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  • “Falling Forward”: Frost’s and Stevens’ Public Readings
  • Lisa A. Seale

A FEW YEARS AGO, Harvard’s Houghton Library rediscovered a 1954 recording of Wallace Stevens reading from “Notes Toward a Supreme Fiction” and other poems. Similarly, every so often a lost recording of a reading by Robert Frost will surface, as occurred a few years ago in a church in Grand Rapids, Michigan. After the excitement of such moments has died down, a more considered interest is warranted in how two such contemporaries as Stevens and Frost, at times amicable rivals and both extraordinary public speakers, might be compared. We have a quieter opportunity to reflect upon the reasons each poet had for reading his work in public settings, as well as the ways in which audiences responded to such readings.1

Stevens delivered lectures and read his poems in public appearances from 1936 until the year before his death in 1955. Many of Stevens’ audiences were patently, though not universally, underwhelmed, a reaction seldom seen among Frost’s audiences. Stevens’ famous lines “The poem must resist the intelligence / Almost successfully” may have applied (CPP 306).2 Kia Penso offers a definition of what Stevens means by these lines as “that difficulty and strangeness which convinces you, or even only makes you suspect, that all your previous expertise and knowledge are no preparation for this new experience.” It may be that some sense of being shaken into this state was part of what those attending Stevens’ lectures and readings were experiencing. If, as Penso goes on to note, “Stevens wanted his poems to put up obstacles to the self-complacency of knowledge with which the best of us (as Stevens did himself) have to contend” (25), might Stevens not have felt the same subversive hope in reading before live audiences? Similarly, Frost enjoyed playing out a certain type of mischievous, teasing subversion in his own literary work. In a well-known 1927 letter, he wrote,

My poems—I should suppose everybody’s poems—are all set to trip the reader head foremost into the boundless. Ever since infancy I have had the habit of leaving my blocks carts chairs and such like ordinaries where people would be pretty sure to [End Page 23] fall forward over them in the dark. Forward, you understand, and in the dark. I may leave my toys in the wrong place and so in vain. It is my intention we are speaking of—my innate mischievousness.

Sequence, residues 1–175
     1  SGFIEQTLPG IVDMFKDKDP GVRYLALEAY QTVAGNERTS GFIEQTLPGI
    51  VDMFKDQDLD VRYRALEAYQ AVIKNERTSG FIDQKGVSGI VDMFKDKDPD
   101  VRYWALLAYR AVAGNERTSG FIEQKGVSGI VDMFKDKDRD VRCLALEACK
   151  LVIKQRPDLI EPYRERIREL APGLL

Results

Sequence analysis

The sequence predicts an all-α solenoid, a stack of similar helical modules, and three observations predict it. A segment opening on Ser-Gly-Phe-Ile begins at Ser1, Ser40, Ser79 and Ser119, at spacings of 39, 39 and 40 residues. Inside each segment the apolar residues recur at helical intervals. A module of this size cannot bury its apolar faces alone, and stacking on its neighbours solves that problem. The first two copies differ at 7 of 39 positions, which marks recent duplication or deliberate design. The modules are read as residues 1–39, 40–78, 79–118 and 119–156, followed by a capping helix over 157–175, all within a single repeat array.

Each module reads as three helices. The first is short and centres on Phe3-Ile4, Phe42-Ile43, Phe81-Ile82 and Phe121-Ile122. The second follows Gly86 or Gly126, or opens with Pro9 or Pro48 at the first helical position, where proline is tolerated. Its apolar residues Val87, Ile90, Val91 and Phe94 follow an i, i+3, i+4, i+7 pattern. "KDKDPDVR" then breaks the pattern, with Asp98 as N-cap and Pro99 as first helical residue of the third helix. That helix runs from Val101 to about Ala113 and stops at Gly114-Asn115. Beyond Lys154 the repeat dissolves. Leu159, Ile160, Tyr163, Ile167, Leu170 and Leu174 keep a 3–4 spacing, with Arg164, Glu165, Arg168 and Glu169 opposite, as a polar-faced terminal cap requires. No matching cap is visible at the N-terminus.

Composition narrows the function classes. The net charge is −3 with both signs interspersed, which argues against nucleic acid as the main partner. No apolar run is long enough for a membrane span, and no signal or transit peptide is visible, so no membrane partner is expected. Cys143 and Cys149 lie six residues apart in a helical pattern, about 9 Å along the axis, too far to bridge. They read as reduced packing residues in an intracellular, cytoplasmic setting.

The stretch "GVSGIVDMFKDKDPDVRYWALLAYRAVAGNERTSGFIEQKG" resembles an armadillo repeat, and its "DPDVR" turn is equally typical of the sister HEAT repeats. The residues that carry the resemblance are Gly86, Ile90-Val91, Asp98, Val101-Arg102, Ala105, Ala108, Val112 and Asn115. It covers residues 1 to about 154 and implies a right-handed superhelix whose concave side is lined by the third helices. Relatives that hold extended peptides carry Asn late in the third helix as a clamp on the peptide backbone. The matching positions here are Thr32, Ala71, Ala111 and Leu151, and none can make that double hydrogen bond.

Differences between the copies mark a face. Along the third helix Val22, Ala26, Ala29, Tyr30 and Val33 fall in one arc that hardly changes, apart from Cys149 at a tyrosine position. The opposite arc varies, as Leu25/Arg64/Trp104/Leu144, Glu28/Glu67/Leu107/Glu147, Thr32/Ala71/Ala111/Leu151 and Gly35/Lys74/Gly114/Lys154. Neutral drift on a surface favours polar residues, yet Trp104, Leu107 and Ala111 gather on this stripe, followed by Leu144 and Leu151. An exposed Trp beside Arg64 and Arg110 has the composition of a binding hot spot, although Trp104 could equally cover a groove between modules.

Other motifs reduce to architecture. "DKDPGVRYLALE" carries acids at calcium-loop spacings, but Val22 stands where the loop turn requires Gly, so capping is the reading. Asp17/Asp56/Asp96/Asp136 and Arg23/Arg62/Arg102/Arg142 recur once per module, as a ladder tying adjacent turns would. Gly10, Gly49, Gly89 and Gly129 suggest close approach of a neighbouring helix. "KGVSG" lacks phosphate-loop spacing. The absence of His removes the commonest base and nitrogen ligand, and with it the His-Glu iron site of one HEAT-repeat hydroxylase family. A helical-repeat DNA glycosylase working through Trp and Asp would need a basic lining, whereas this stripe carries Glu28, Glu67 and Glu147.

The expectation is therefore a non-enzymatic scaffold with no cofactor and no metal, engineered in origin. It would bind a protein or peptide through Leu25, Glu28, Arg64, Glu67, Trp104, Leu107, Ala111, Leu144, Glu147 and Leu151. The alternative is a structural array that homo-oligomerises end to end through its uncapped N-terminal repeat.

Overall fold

(Selected Letters 344)

It may be that we can intuit a similar mischievous impulse toward the absurdly illuminating as one purpose of both Stevens’ and Frost’s readings. In listening to their recordings that reveal the essentially serious spirit of play at the heart of each man’s work—whether poem, lecture, or poetry reading—we can choose to be open enough to fall forward, head foremost into the dark, and into change and the “universe of inconstancy” in which we all live; not for naught did Stevens declare of the supreme fiction “It Must Change” (CPP 337, 336).

Reticence and Self-Promotion

John N. Serio, assessing Stevens’ reputation in relation to that of other poets, suggests that, “Reticent by nature, [Stevens] was not a self-promoter as were some of his contemporaries such as Ezra Pound, T. S. Eliot, and Robert Frost” (1). Though the context for this observation is Stevens’ general avoidance of print media profiles and interviews, it applies equally well to his relatively late launch as a lecturer, which is in marked contrast to that of Robert Frost, who had a roughly twenty-year head start as a public speaker. Frost read regularly at colleges and universities beginning in 1915, shortly after his return from England with his first two books published and enough critical acclaim to make his presence on campuses much sought after. John Ridland, reviewing William H. Pritchard’s biography of Frost, notes that, “From 1915 on, Frost performed on the public stage . . . reading and commenting on his own poems to larger and larger audiences”; Ridland further notes, “Frost could be very very good, or un-endurably bad—‘horrid,’ as Donald Hall found him at Stanford, ‘trotting out...


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